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Behind the Headlines: Rulings on Redistricting Revive Strains in Black-jewish Relations

As the black community reeled in the wake of last week’s Supreme Court rulings striking down race-based congressional districts as unconstitutional, Jewish leaders found themselves in a bind.

Their problem: how to weigh their support for the principle behind the ruling – that race should not be a predominant criterion in the electoral process – against concerns of inflaming tensions between blacks and Jews.

In a pair of 5-4 decisions, the Supreme Court struck down down plans for one congressional district in North Carolina and three in Texas.

The high court ruled, as it did in weighing similar cases in 1993, that race played too great a role in drawing the boundaries of the so-called “majority- minority” districts.

As black leaders described the rulings in cataclysmic terms, most Jewish groups stepped cautiously around the issue of racial gerrymandering.

In one carefully worded statement, the American Jewish Congress said there is “much to commend” in the decisions, adding that there is a need to “devise political methods that do not induce the electorate to make its judgments along racial lines.”

At the same time, the group stated that minorities are likely to see the rulings “as a sign that they are not welcome in the political process.”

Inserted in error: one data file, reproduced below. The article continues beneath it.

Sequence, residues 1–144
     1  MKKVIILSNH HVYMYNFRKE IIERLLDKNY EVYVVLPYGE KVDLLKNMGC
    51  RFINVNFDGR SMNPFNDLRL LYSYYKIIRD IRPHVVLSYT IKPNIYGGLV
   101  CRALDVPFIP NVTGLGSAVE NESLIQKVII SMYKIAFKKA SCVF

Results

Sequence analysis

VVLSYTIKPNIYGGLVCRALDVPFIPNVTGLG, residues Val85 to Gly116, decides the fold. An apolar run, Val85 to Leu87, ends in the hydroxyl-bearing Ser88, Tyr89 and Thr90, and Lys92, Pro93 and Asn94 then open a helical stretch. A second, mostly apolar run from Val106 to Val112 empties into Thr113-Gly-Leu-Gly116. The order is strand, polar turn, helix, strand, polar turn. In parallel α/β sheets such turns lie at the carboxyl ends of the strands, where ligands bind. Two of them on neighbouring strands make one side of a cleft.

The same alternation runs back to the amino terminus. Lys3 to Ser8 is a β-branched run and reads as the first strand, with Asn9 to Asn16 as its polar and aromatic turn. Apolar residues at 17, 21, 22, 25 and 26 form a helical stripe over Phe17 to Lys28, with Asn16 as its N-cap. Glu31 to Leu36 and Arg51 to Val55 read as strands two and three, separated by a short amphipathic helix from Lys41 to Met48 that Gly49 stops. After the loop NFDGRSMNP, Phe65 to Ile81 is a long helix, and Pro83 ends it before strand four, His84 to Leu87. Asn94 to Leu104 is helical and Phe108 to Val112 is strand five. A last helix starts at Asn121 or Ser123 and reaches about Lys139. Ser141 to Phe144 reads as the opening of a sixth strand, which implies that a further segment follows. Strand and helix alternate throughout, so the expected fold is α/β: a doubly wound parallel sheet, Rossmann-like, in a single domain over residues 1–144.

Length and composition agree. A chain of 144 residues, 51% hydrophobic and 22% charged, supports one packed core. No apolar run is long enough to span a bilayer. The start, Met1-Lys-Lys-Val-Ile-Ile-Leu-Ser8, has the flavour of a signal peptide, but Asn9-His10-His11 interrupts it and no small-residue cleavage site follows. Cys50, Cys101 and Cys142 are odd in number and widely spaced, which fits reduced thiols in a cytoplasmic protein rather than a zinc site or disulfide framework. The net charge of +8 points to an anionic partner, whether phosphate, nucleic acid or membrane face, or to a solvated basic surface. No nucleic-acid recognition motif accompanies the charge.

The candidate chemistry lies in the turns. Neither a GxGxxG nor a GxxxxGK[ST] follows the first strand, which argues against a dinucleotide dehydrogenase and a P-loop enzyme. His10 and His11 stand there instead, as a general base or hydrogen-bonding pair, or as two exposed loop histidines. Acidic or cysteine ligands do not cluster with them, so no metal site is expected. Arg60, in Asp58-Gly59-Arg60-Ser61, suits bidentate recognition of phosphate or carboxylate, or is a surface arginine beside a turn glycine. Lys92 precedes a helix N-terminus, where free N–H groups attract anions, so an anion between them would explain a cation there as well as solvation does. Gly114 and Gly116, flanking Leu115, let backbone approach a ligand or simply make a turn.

“Such alienation, if it takes hold, would have a corrosive effect on intergroup relations, and, indeed, on the entirety of American democracy,” the group also said.

Only the Anti-Defamation League came out strongly in favor of the rulings.

Most Jewish groups decided to steer clear of the issue.

Even the Religious Action Center of Reform judaism, which has long supported black-Jewish relations and whose director, Rabbi David Saperstein, sits on the board of the National Association for the Advancement of Colored People, remained quiet.

But the highly contentious debate between blacks and Jews over race-based redistricting, like long-standing disagreements over affirmative action, has nonetheless become another irritant in relations between the two communities.

“I would have hoped that given the experience of Jews with anti-Semitism and their recognition of the significance of history, that they – the Jews who have opposed us on this issue – would have found their way to take another position,” said Ted Shaw, associate director and counsel of the NAACP Legal Defense and Education Fund.

Black leaders say they do not want to single out Jewish groups for particular disagreements.

But it is clear that the lack of jewish support for the black community in this case is particularly troubling to some black leaders in light of the historic alliance between the two communities on civil rights matters.

“The differences on this particular issue don’t help the alliance to the extent that the alliance still exists,” Shaw said in an interview.

But he added, “I think it’s a mistake to paint with too broad a brush and say there’s indeed an uncrossable divide or this permanent rift between blacks and Jews.”

The high court’s decision, meanwhile, is likely to have a direct impact on the future racial makeup of Congress, though is not clear whether the districts will be redrawn in time for November’s election.